His early research found examples of monuments destroyed by the fighting that were being replaced by new ones supporting Russia and its version of the area’s cultural heritage. That led to the larger project of creating an inventory for the entire country, an initiative that became more important as the potential of a Russian invasion grew.
“We’re a remote project. But it’s certainly very real to me. Believing we can make a difference here is important,” Koropeckyj said.
Since the invasion last month, the lab has tracked artillery and other military strikes using satellite sensors, including infrared technology, matching the impacts against the lab’s mapped cultural heritage inventory. If a strike seems close to a site, they pull satellite images or, through the Smithsonian, direct a satellite to capture images of the area.
Speed is critical, even at this stage, Bassett said. As an example, he posed a scenario of a museum taking a direct hit. “If there’s a giant hole in the roof, you’re now exposed to the elements. During this short period, we’ve seen snowfall and other weather events. Imagine it’s snowing into a museum,” he said. “You’re also exposed to security concerns, exposed to looting. And the building is now vulnerable to further deterioration.”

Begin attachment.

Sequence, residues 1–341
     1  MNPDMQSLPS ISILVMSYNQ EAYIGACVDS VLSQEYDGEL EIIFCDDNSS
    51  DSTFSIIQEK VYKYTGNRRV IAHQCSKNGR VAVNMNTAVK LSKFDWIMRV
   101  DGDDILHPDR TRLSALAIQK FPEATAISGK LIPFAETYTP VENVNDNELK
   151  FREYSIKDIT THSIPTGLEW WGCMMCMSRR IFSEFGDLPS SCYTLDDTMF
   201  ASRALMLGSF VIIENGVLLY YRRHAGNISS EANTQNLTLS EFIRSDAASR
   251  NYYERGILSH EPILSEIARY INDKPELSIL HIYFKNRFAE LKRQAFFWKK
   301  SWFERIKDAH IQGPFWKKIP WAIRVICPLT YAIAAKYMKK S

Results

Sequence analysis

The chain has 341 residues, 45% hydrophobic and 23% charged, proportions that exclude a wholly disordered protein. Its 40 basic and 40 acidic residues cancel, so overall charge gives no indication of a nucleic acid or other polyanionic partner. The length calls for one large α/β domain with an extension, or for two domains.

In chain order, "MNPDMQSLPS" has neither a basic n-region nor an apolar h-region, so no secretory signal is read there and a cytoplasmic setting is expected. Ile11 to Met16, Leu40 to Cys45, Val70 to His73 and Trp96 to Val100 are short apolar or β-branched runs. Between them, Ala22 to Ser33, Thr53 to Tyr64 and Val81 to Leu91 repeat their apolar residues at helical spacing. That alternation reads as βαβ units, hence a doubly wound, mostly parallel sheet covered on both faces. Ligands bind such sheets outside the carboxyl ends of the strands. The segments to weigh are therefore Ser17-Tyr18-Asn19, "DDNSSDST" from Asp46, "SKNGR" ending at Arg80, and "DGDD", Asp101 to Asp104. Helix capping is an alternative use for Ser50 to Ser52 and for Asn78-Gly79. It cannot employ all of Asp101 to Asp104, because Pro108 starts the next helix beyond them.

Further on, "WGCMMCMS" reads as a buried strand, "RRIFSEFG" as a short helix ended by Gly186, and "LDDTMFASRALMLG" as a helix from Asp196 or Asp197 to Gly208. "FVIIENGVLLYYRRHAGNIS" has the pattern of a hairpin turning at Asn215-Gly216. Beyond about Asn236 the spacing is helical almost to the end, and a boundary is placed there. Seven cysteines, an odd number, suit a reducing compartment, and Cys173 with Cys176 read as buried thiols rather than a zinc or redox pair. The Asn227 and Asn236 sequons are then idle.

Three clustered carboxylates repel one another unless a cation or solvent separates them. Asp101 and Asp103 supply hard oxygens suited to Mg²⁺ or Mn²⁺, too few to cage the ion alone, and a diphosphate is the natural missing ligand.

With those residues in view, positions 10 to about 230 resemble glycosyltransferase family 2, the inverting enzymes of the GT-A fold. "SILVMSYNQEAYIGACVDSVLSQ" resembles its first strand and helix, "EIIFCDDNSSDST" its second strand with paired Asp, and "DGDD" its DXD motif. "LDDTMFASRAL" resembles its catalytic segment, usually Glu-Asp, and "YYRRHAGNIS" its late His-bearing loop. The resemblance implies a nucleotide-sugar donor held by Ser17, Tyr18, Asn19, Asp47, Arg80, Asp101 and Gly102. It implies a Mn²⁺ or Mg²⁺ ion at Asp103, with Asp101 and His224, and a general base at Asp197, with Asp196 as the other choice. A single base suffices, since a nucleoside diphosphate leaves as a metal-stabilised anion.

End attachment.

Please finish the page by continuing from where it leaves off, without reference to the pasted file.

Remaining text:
“It is basically on the clock for further damage,” he said. “We can assist in immediate identification, and minimize the time to response. That’s one of the more pragmatic reasons” for the work.
The documentation has long-term value, too, Wegener said. The military action that is damaging Ukraine’s cultural heritage violates the Convention for the Protection of Cultural Property in the Event of Armed Conflict, known as the 1954 Hague Convention. Both Russia and Ukraine signed the UNESCO treaty, and therefore, are responsible for protecting cultural sites, art and books, and scientific collections.
“It can be used for legal accountability,” Wegener said about the visual documentation. “We are working on documentation to show crimes against them.”